From my earliest memories I have always had an interest in dinosaurs and fossils. I grew up in Bellbrook, Ohio, where I spent many a day playing in the creeks in Magee Park and the Sugarcreek Reserve. Both were loaded with fossils from the famous Cincinnatian series of the Ordovician. While collecting fossils is my absolute favorite, I’ve always been fascinated by science and nature in general, with interests in biology, geology, minerals, astronomy, engineering and physics, as well as art, cooking and photography.

What do you do?

I have a degree in Landscape Architecture, but I work as a mechanical designer in the aerospace industry. Currently, I design tools that are used to build jet engines. I create the 3D models and drawings, which are used to make the tools.

While I haven’t as yet spent much time doing my own research, I’ve been blessed to help the professionals with numerous papers based on specimens I collected. I love and collect all fossils, so I’ve not concentrated on any particular group or type. I feel this has been advantageous, as it gives me more opportunities to work with the various scientists who do have areas of specialty. Lately, I’ve been working with Dr. Alycia Stigall on brachiopods. In the past I worked with Dr. Roger Cuffey on bryozoans, and Dr.’s Carlton Brett and David Meyer on Godzillus. As a member of the Dry Dredgers, the oldest fossil club in North America, I get to contribute regularly. I take meeting photos for the website, bring in specimens for others to examine, and occasionally write something for the newsletter or website. I also volunteer, and am an exhibitor, at Geofair every year, and occasionally play fossil tour guide at local parks or give presentations with my portable fossil display.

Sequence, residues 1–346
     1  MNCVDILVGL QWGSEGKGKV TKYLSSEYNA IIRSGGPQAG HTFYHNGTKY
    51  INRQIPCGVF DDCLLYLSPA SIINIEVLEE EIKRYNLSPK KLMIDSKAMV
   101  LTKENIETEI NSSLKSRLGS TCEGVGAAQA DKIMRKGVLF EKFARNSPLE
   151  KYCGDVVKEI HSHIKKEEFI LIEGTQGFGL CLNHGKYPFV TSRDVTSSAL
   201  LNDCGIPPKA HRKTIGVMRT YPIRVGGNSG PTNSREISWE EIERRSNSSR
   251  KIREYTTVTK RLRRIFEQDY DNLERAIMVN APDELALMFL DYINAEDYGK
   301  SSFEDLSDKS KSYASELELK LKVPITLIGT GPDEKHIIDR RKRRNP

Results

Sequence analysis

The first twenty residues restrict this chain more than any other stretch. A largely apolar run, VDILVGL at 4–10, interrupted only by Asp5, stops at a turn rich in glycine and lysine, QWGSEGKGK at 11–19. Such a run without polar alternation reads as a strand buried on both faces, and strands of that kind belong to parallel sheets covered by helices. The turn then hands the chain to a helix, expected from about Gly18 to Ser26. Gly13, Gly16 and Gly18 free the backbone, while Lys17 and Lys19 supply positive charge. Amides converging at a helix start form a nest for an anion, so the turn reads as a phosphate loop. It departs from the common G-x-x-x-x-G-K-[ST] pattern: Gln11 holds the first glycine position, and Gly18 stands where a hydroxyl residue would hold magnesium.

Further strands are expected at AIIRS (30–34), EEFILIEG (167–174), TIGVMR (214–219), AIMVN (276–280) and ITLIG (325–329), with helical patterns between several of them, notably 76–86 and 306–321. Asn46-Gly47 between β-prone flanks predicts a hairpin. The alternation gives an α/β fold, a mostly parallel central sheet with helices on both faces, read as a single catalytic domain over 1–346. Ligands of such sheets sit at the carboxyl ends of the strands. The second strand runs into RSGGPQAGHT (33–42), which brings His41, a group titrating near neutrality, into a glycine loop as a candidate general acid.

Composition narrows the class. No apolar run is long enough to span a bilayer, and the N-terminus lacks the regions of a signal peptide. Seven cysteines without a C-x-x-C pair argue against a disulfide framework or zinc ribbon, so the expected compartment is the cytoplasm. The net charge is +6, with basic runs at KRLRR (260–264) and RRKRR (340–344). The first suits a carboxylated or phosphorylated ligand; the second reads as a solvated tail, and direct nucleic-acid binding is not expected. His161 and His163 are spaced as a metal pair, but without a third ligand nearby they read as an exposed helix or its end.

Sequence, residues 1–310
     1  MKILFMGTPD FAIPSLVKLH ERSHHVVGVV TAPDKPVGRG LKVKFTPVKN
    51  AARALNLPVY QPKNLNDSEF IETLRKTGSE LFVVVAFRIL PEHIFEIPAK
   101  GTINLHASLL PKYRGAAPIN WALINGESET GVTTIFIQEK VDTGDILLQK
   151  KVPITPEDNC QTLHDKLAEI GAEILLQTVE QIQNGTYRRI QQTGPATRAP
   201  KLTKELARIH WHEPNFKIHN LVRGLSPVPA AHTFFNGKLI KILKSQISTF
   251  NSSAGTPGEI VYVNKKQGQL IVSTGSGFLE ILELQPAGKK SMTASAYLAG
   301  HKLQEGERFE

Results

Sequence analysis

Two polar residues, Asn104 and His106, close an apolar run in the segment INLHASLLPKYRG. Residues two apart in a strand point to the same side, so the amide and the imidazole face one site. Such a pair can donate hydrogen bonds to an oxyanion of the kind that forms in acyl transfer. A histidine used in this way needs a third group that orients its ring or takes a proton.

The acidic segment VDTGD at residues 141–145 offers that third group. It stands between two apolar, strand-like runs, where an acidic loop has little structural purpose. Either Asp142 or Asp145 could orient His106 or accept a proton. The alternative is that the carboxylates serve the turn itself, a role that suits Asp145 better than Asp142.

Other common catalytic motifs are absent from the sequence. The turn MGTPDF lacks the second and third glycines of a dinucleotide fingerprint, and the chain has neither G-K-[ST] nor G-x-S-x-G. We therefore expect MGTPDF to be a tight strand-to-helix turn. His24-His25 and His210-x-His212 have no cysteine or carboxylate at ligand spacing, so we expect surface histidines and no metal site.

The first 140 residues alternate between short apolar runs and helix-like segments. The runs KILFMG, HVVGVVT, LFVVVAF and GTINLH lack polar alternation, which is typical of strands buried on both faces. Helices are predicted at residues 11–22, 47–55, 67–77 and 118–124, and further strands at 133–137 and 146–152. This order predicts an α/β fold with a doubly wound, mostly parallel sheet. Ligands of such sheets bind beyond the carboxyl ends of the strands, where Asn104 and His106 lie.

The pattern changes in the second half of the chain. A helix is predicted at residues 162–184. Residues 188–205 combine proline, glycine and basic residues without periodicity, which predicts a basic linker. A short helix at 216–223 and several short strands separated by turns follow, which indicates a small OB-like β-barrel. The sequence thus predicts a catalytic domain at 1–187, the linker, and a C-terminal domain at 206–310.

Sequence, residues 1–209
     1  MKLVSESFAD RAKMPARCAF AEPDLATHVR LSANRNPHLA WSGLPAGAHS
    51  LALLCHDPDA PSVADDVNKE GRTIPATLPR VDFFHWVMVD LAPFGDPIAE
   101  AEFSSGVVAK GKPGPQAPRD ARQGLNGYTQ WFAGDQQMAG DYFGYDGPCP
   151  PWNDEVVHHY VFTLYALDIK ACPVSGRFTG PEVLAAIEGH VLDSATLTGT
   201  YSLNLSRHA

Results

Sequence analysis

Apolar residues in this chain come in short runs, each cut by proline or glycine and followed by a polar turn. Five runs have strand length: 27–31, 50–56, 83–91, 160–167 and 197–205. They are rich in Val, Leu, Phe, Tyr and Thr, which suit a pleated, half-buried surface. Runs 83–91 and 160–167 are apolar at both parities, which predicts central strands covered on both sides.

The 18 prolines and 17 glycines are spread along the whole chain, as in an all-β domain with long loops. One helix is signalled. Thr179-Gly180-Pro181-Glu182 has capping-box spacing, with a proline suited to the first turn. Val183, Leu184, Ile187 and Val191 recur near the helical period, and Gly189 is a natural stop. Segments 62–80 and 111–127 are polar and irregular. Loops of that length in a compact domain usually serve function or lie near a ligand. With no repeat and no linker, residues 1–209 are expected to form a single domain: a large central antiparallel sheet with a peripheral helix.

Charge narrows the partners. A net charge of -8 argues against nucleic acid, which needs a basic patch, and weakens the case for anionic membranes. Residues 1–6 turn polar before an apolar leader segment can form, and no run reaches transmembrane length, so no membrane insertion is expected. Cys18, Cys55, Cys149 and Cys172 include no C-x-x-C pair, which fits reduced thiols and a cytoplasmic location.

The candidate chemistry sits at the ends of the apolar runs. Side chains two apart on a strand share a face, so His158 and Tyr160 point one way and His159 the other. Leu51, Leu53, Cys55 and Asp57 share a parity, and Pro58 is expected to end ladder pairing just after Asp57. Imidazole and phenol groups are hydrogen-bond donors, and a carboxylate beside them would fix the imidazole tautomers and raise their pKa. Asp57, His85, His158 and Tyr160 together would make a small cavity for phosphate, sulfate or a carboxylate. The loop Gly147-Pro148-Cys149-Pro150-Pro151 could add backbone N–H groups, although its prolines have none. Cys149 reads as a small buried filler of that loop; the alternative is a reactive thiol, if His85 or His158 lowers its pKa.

Playing fossil field guide to teacher Brian Dempsey and fifteen students from Acton-Boxborough Regional High School, in Acton, MA, at Caesar Creek State Park in Waynesville, Ohio in May, 2017.

How does your research contribute to the understanding of climate change, evolution, or to the betterment of society in general?

I have a talent for finding rare, unusual or exceptional fossils. I bring these specimens to the attention of the professionals so that they can be properly studied, and sometimes, they are used to write a scientific paper and are deposited in a museum or university collection for future scientists to study. Godzillus has been my best effort so far. It actually became very famous! I collect everything prodigiously. The quality specimens are made available to professionals for research projects, and the rest is given to the Dry Dredgers to make the fossil kits that fund club activities, or given to school kids.

What advice do you have for aspiring scientists?

Your life will be far richer if you pursue your interests. Find others who share your passions, join a club, volunteer. You won’t regret it!